- Consider Estate Tax Consequences. For owners of closely held businesses, business succession planning should be done in conjunction with estate planning. Make sure that your succession plan compliments your estate plan in a tax-efficient manner. For example, reorganization strategies can give you the flexibility to begin reducing the size of your taxable estate by transferring non-controlling and non-voting ownership interests to family members and/or successors without giving up control of your business. For 2018, the estate and gift tax exemption amount is $5.6 million per person, which is $11.2 million for a married couple, and the annual exclusion amount is $15,000. With marketability and minority discounts available, the opportunity for substantial gifting should not be overlooked.
- Create a Written Plan. The final and perhaps most crucial step in creating a business succession plan, is to actually put a plan in writing. Less than a quarter of closely held businesses have a written succession plan. While business succession may seem to be too distant an issue to compete with the daily demands of building and sustaining a business, taking the time to create a thorough plan is the first step to ensuring the long-term success of your business for generations to come.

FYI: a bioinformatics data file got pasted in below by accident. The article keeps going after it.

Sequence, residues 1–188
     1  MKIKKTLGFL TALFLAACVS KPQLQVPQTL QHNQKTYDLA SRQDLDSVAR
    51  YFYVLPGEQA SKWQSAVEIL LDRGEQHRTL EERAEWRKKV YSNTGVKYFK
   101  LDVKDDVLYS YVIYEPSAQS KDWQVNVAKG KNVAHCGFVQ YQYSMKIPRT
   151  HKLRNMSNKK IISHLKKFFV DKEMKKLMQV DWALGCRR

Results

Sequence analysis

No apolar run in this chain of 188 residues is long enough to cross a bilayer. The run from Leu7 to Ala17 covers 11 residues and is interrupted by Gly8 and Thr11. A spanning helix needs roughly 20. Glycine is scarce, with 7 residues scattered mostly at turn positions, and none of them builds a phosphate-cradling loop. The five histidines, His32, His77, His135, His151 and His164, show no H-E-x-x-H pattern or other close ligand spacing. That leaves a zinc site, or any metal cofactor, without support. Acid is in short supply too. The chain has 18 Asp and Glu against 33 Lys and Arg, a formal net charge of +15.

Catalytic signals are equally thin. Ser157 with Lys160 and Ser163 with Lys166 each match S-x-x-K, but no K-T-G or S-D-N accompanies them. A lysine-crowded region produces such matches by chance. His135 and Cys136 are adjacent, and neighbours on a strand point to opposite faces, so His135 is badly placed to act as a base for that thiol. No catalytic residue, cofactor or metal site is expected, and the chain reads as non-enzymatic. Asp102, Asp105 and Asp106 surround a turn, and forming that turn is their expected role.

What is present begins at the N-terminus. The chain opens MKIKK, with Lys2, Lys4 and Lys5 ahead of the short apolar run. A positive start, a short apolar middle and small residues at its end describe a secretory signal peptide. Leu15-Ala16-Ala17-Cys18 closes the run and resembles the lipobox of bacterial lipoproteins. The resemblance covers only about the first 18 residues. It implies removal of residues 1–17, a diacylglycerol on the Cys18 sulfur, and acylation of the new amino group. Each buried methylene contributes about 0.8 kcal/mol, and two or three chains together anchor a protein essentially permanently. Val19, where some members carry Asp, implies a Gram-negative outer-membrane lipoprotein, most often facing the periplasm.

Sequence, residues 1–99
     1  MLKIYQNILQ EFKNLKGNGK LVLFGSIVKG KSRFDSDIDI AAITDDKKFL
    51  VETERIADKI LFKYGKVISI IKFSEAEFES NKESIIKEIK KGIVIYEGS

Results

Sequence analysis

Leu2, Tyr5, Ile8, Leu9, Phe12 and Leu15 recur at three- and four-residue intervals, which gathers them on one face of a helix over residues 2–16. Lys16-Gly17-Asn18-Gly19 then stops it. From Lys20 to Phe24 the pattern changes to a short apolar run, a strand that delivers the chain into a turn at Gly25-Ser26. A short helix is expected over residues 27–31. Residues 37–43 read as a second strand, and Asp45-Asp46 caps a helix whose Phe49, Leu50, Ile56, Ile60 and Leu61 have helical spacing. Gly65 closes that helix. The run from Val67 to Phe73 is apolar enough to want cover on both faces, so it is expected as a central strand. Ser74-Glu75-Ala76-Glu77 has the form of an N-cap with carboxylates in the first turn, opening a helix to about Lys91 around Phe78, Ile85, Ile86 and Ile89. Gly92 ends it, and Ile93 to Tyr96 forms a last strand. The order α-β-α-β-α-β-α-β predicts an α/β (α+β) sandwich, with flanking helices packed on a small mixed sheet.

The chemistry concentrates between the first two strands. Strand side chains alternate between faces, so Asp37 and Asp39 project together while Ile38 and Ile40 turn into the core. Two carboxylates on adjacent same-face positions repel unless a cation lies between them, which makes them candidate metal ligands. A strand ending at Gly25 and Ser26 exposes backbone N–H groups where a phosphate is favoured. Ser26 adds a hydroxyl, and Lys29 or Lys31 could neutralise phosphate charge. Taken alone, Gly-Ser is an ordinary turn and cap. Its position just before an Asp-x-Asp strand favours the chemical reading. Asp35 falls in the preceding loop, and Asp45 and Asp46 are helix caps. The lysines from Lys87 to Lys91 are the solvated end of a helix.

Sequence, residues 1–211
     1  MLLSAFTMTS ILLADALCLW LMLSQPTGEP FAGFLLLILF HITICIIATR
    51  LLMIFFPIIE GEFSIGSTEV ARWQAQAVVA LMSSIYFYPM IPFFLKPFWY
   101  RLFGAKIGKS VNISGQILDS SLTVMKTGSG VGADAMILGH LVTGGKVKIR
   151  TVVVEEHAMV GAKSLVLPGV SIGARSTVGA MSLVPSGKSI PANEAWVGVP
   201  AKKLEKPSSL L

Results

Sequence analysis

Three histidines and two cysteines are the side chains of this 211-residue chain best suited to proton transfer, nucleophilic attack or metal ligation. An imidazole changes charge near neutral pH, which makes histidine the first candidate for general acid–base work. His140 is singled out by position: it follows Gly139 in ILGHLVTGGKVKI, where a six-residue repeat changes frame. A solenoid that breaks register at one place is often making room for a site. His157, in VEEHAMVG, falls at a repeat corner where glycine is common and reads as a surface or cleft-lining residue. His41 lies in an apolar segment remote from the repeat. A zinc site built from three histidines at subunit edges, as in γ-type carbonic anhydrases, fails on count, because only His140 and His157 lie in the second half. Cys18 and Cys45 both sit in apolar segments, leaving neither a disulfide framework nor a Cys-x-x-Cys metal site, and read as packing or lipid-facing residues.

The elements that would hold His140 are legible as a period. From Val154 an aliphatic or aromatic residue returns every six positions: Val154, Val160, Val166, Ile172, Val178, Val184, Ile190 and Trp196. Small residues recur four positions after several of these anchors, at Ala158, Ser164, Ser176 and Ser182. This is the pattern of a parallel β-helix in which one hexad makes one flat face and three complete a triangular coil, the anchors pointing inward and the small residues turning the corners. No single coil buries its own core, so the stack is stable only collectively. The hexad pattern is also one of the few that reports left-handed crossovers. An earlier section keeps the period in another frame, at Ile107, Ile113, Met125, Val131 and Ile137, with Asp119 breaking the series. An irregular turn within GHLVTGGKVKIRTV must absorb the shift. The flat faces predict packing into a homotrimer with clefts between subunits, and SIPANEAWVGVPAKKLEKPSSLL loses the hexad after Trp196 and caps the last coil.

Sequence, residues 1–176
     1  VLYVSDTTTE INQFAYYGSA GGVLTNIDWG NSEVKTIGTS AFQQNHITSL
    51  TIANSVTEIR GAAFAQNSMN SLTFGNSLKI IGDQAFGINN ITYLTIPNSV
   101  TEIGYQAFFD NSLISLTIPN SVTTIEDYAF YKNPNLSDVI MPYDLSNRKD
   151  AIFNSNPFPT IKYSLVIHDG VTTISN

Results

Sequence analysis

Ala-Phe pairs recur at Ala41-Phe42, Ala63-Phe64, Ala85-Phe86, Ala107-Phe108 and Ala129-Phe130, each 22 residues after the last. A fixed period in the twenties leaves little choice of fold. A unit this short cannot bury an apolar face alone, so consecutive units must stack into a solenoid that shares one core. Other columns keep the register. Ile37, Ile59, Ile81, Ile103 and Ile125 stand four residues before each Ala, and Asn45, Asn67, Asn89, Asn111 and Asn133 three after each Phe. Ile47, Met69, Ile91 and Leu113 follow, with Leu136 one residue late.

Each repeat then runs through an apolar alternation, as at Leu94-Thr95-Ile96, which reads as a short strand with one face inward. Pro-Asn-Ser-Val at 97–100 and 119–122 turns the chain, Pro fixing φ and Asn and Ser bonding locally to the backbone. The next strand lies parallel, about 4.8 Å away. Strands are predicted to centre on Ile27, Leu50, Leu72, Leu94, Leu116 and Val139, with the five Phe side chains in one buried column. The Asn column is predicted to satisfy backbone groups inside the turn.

At SSP, our business and estate planning lawyers have advised hundreds of business owners on succession planning and designed estate planning strategies for our business owner clients.
If you’d like to explore this topic further, please contact Jeffrey G. Stagnaro via email firstname.lastname@example.org or 513-533-2981 Disclaimer: The information you obtain in this article is not, nor is it intended to be, legal advice. You should consult an attorney for advice regarding your individual situation. We invite you to contact us. Contacting us does not create an attorney-client relationship. Please do not send any confidential information to us until an attorney-client relationship has been established.